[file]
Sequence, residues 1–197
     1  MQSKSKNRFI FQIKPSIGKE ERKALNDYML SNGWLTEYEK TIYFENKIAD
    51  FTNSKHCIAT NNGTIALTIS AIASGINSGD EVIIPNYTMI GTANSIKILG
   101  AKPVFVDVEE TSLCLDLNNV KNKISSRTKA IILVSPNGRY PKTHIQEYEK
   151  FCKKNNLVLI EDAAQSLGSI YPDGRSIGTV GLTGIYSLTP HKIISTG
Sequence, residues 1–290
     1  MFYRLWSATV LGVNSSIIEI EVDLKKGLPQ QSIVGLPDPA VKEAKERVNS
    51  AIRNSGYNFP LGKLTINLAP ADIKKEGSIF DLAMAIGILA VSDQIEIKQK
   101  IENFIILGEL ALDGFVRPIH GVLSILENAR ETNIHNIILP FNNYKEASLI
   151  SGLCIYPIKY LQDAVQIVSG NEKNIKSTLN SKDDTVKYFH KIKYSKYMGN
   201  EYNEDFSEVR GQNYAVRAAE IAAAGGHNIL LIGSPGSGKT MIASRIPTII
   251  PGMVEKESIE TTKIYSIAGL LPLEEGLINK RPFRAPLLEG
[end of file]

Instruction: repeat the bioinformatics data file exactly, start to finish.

Sequence, residues 1–197
     1  MQSKSKNRFI FQIKPSIGKE ERKALNDYML SNGWLTEYEK TIYFENKIAD
    51  FTNSKHCIAT NNGTIALTIS AIASGINSGD EVIIPNYTMI GTANSIKILG
   101  AKPVFVDVEE TSLCLDLNNV KNKISSRTKA IILVSPNGRY PKTHIQEYEK
   151  FCKKNNLVLI EDAAQSLGSI YPDGRSIGTV GLTGIYSLTP HKIISTG
Sequence, residues 1–290
     1  MFYRLWSATV LGVNSSIIEI EVDLKKGLPQ QSIVGLPDPA VKEAKERVNS
    51  AIRNSGYNFP LGKLTINLAP ADIKKEGSIF DLAMAIGILA VSDQIEIKQK
   101  IENFIILGEL ALDGFVRPIH GVLSILENAR ETNIHNIILP FNNYKEASLI
   151  SGLCIYPIKY LQDAVQIVSG NEKNIKSTLN SKDDTVKYFH KIKYSKYMGN
   201  EYNEDFSEVR GQNYAVRAAE IAAAGGHNIL LIGSPGSGKT MIASRIPTII
   251  PGMVEKESIE TTKIYSIAGL LPLEEGLINK RPFRAPLLEG